WHERE’S MY WIFE?

As we were packing up to come home — really, I wasn’t packing so much as stuffing my belongings into a duffel — I was bummed. At having to come home to reality.

Reality is full of telephone calls. Details. Bills. Thanksgiving is next week, Christmas just a month after. Holidays and gifts mean money. Which is always a problem and inevitably ups my anxiety levels to absurd heights.

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As if the holidays aren’t enough, it’s also “open enrollment” for medical stuff. I need to take a hard look at Garry’s drug plan. And I need to be sure I’m in the best Medicare plan I can afford. I think the Blue Cross PPO I’ve got is as good as is available, especially considering its modest price.

Nonetheless, I need to check. If I find out I missed the boat, I’ll have a year of kicking myself before I can fix it.

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Then there is The Cell Phone. By now, everyone knows how I feel about cell phones. I no longer have one of my own, having had it turned off. Garry and I share one. Mostly, it’s his, but sometimes I use it too.

Which is fine, except it’s an iPhone 4 and more than 2 years old. It didn’t have good audio when it was brand new. Time has not improved either the phone or Garry’s hearing.

I’m looking at Amazon’s Fire phone now that they’ve dropped the price. Both Garry and I have Kindle Fire tablets and like them. We’re happy in the Amazon universe, so it might be a good fit for us … if AT&T won’t flatten us with fees and charges.

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Logically, it should be no big deal, but the way taxes are structured, it will be. I don’t understand people who actually want a new phone every year. I hate the whole process, the expense, learning the new equipment.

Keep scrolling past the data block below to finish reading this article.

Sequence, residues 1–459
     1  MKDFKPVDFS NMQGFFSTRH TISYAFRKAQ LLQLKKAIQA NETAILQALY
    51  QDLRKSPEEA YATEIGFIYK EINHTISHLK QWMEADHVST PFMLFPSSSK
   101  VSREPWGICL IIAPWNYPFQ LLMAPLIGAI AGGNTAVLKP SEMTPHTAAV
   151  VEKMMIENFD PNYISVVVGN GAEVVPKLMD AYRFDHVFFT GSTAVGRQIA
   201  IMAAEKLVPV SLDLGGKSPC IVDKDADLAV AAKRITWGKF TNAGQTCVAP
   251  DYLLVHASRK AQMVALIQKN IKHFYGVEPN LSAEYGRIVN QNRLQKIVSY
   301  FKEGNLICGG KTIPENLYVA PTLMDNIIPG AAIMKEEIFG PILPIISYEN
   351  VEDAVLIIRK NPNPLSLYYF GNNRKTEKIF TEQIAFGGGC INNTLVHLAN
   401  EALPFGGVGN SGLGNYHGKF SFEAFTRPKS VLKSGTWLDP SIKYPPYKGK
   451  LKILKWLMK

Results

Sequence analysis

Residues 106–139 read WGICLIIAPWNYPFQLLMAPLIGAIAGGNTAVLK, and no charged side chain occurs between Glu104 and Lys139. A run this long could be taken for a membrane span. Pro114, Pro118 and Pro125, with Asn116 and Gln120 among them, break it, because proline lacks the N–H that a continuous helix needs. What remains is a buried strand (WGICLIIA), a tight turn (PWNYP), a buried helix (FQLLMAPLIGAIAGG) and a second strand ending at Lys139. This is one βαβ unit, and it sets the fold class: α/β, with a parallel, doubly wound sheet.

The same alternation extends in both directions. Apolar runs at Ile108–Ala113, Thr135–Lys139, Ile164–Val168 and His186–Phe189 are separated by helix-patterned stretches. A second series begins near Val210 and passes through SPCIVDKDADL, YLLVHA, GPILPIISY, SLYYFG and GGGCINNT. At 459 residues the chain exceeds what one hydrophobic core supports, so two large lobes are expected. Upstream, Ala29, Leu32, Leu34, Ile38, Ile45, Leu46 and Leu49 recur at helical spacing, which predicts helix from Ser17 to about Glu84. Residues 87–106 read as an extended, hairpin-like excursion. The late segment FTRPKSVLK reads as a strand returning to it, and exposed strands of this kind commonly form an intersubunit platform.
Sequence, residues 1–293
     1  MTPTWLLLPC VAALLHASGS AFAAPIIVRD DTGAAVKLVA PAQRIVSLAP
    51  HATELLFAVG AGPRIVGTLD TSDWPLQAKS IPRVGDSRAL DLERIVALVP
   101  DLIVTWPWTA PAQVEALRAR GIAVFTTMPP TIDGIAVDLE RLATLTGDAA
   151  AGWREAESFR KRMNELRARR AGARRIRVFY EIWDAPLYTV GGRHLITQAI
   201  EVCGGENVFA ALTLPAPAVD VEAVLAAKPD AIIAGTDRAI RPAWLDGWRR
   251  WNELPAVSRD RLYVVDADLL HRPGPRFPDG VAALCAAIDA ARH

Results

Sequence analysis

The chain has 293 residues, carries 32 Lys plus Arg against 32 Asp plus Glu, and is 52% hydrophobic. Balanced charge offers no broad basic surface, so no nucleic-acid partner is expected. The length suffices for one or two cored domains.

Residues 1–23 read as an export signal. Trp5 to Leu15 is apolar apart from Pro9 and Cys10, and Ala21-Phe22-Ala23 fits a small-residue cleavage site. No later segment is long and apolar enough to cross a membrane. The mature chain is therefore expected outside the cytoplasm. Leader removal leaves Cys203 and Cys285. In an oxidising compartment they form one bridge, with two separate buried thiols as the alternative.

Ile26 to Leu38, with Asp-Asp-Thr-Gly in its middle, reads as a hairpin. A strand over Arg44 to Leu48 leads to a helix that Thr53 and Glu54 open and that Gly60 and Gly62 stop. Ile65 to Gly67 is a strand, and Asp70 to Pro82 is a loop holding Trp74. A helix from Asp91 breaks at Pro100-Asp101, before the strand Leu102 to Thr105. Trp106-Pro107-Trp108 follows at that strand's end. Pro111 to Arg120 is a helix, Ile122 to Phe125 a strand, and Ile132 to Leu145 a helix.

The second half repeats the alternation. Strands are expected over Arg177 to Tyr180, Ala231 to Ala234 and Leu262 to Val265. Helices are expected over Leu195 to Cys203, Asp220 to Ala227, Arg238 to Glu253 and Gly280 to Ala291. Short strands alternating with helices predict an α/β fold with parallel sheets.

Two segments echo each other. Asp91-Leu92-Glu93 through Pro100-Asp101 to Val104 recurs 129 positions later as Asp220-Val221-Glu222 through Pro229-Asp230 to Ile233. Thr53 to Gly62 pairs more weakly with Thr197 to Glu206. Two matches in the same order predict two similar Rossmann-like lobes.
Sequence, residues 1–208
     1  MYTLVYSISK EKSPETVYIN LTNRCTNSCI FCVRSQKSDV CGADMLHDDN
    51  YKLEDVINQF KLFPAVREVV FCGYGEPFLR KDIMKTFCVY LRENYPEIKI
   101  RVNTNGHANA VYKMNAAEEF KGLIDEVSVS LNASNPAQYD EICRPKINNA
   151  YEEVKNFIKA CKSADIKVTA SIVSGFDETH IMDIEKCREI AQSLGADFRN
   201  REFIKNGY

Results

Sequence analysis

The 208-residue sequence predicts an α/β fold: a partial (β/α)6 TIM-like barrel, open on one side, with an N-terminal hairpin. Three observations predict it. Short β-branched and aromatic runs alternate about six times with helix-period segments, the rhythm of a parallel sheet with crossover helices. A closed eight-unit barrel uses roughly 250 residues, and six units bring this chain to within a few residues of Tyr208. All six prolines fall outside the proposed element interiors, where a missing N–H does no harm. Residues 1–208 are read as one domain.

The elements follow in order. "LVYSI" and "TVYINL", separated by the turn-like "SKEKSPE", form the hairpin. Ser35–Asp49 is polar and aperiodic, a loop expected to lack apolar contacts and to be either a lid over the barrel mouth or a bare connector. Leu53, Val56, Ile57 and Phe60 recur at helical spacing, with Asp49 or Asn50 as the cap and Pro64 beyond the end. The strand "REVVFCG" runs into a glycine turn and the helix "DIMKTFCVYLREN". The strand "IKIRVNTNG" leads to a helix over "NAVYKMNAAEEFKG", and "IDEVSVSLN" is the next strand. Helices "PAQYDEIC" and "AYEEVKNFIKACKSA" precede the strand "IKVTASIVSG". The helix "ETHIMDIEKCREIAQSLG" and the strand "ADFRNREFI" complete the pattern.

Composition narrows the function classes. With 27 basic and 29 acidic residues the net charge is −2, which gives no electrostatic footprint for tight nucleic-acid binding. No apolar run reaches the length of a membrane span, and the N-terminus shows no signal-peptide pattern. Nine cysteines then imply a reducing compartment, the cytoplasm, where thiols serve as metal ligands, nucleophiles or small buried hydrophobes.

What a pain in the butt! Moreover, just to make it worse, Massachusetts requires we pay taxes on the full price of the phone no matter what the actual price. Which right now is 99 cents with a 2-year contract.

Garry’s existing contract with AT&T expires on December 20th, so I have to call. Find out what all of this will really cost. It’ll be 99 cents for the phone, plus a $40 “upgrade fee,” plus taxes. And who knows if the plan we have will be valid with a new phone.

By the time all is said and done, it’ll cost us hundreds of dollars … and Christmas is just around the corner. It makes me want to scream.

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There’s more. Lots more. Doctor appointments. Medication issues. Veterinarian trips. Dental work for Nan.

I need help. I’m overloaded, freaking out, tired. Stressed. I need someone to take care of business so I can relax. I need a go-to person to deal with the loose ends of our lives.

I need a WIFE.

DO YOU COME HERE OFTEN?

Greetings, Stranger 

I’m sitting at a café when a stranger approaches me. He asks my name. “Marilyn,” I answer.

The stranger nods, “I’ve been looking for you.”

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I gaze into his soft, brown eyes “Well,” I reply, with a hint of teasing, “I’ve been looking for you, too. Do you come here often?”

“Not nearly often enough, it would seem,” he says, juggling the bags he’s carrying. He pulls me to my feet and loops an arm through mine. “I think there’s a burger joint over there. I’m hungry. How about you?”

As I rise to my feet, he continues: “You were supposed to meet me by Kohl’s. Where were you?”

I organize my own packages. “I’ll never tell you. You’ll have to kill me first.”

Garry and I go hand in hand through the crowded mall. He says: “I hate shopping this close to Christmas. It’s a madhouse.”

“I know,” I respond, giving his hand a squeeze. “But it’s worth it  … because I get to meet such a handsome stranger.”